Niuserre Ini

Niuserre: Setibtawy

Niuserre (“possessed of Ra’s power”, also known as Nyuserre, Neuserre, or Nyuserra) ruled during the fifth dynasty (Old Kingdom) of Ancient Egypt. His predecessor Neferefre was probably his brother making him the second son of Neferirkare and Khentkaus II to become pharaoh. His throne name was Ini (In or Iny and occasionally given as Isi) and his Horus name was probably Setibtawy (He whose favourite place is the two lands).

It is sometimes suggested that he ruled immediately after his brother, Neferefre. However, it is also likely that Shepseskare ruled for a brief period between the two brothers. Some commentators have suggested that Shepseskare was the son of Sahure who tried unsuccessfully to depose the descendants of Neferirkare. There is no firm evidence to confirm the position one way or the other.

A beautiful statue of his wife, Reputneb (or Reptynub), was discovered in the valley temple connected to his and Neferirkare’s pyramid complex. They had at least one daughter, Khamerernebty (A), who was married to Ptashepses (a high official in his court).

Brooklyn Museum, CC BY-SA 2.5, via Wikimedia Commons
Double Statue of Niuserre
Niuserre Double Statue, Munich, Einsamer Sch├╝tze, CC BY-SA 3.0, via Wikimedia Commons

The Turin Kings List is damaged and so does not confirm the length of his reign. Manetho suggests that he reigned for a massive forty-four years, but this is considered excessive by most experts. The representation of a Sed-festival found in his solar-temple implies that he ruled for at least thirty years.

Evidence suggests that Niuserre continued the trade with Punt for incense and electrum (a gold and silver alloy) and that he mined copper and turquoise in the Sinai. An inscription found in the Sinai shows Niuserre triumphant over his enemies. However, it is suggested the scene is merely symbolic and we have no further information on any military conquest.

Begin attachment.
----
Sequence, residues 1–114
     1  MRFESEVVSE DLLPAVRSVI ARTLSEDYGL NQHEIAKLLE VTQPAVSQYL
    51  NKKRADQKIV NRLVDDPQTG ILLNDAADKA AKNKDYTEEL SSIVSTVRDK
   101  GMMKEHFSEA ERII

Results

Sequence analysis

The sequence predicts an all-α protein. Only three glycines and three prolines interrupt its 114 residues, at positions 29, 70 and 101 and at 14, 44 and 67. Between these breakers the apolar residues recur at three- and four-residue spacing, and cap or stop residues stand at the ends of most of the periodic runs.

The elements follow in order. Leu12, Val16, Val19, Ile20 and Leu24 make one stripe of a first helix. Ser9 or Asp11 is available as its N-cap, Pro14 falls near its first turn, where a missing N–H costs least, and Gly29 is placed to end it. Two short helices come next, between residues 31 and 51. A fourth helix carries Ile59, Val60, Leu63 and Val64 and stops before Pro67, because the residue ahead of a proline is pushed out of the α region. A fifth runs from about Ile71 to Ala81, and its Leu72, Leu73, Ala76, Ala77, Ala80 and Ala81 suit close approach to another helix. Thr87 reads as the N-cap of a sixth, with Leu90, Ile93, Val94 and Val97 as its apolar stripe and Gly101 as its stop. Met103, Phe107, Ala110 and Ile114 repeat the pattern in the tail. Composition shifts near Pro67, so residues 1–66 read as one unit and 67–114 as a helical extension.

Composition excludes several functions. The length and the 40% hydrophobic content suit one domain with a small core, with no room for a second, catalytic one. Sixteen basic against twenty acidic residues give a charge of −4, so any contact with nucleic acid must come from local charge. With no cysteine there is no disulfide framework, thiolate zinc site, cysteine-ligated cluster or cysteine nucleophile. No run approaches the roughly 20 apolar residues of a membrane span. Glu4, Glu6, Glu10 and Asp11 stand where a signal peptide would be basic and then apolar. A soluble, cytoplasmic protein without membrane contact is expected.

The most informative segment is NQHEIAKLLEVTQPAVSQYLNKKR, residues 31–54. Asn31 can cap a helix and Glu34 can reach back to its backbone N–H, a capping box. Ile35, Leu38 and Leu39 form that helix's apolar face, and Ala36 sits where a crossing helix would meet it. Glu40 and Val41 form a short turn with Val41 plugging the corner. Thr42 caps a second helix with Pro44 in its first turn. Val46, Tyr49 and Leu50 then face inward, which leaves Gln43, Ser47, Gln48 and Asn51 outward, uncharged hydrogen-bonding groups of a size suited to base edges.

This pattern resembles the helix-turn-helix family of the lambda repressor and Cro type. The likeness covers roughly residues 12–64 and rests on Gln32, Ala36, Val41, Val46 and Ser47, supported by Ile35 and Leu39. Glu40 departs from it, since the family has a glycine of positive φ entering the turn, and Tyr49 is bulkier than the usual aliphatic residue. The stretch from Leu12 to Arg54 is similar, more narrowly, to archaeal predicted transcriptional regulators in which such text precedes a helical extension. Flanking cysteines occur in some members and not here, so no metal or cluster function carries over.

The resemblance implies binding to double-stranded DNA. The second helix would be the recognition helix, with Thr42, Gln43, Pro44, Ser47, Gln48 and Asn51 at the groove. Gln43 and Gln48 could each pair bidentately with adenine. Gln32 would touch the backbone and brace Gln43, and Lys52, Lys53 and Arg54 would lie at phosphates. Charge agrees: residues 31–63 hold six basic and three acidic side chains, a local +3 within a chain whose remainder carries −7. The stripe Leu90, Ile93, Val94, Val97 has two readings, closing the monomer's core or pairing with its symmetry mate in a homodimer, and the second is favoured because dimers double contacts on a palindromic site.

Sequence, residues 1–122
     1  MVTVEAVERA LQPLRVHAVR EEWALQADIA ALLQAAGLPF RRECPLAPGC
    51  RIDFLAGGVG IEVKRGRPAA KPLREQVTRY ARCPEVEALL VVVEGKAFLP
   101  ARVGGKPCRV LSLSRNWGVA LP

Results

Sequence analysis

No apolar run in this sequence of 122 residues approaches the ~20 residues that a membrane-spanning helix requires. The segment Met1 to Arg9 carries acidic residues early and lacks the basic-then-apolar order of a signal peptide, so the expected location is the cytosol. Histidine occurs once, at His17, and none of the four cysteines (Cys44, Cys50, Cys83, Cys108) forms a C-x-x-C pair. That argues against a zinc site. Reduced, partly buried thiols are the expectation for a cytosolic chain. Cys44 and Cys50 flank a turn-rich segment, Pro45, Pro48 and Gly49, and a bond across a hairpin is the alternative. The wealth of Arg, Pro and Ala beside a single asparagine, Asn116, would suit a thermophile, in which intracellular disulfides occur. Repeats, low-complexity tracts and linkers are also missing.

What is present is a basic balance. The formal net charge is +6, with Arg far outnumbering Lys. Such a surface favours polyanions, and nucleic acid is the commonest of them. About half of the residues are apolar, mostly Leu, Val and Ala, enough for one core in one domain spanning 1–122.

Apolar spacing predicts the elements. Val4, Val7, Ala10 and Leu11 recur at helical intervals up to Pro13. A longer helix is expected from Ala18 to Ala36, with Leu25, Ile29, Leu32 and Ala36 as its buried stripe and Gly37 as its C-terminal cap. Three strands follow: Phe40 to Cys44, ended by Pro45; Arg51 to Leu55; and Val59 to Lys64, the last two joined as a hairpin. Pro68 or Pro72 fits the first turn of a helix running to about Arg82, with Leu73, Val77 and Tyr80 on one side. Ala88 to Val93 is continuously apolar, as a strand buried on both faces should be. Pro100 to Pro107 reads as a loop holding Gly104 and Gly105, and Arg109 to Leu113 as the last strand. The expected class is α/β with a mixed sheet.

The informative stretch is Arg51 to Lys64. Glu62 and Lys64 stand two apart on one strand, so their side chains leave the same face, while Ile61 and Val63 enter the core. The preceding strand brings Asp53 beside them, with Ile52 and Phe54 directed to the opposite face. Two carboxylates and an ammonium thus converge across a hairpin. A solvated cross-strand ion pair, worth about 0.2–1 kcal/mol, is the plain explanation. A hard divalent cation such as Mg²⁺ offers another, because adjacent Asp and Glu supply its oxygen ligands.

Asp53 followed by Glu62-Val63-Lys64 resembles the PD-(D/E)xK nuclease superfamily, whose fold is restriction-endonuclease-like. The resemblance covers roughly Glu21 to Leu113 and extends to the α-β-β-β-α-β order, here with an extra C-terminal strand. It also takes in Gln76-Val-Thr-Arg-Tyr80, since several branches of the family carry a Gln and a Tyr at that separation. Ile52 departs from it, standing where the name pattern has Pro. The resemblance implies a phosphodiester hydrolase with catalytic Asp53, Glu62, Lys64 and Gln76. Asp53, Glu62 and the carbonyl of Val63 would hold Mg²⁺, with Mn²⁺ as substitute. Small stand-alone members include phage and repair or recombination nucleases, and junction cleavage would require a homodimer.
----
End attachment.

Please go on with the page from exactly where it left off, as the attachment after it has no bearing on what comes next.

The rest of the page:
From the tombs of his officials at Saqqara (e.g. the tomb of Ty) and Abusir necropolis (e.g. the tomb of Ptahshepses), his reign seems to have been both peaceful and prosperous.

Niuserre smiting an Asiatic, Wadi Maghara
Niuserre smiting an Asiatic, Wadi Maghara, Juan R. Lazaro, CC BY 2.0, via Wikimedia Commons

Niuserre built his own pyramid complex at Abusir and built two further small pyramids (Lepsius Twenty Four and Twenty Five) for his wives. He also completed the pyramid complex of Neferirkare and the pyramid complex of Neferefre and adapted the satellite pyramid of Neferirkare into the burial pyramid of Khenkhaus II.

Niuserre also rebuilt the Sun Temple of Userkhaf and built his Sun Temple (named “Shesepu-ib-re” – “Delight of Ra“) at Abu Gurab, which was the largest and most complete fifth dynasty solar-temple and the only one to be constructed completely of stone. Finely carved reliefs depict the pharaoh during his Heb Sed festival and underline the importance of the Sun god Ra to the fifth dynasty kings.

Pharaoh’s Names

Manetho; Rathures

Nebty: Setib

Nebty: Setib (Favourite)

Golden Horus: bik nebw netjer - The golden falcon is divine

Golden Horus: Bik nebw netjer (The golden falcon is divine)

Prenomen: Niuserre Abydos Kings List

Prenomen: Niuserre (Abydos Kings List)

Nomen: Iny

Nomen: Iny

Nomen: Ini

Nomen: Ini

Nomen: In

Nomen: In

  • Bard, Kathryn (2008) An introduction to the Archaeology of Ancient Egypt
  • Hornung E (1999) History of Ancient Egypt
  • Kemp, Barry J (1991) Ancient Egypt: Anatomy of a Civilisation
  • Malek, Jaromir (2000) “The Old Kingdom”, in The Oxford History of Ancient Egypt Ed I. Shaw
  • Rice, Michael (1999) Who’s Who in Ancient Egypt
  • Van De Mieroop, Marc (1999) A History of Ancient Egypt
  • Wilkinson, Toby (2010) The Rise and Fall of Ancient Egypt

Copyright J Hill 2010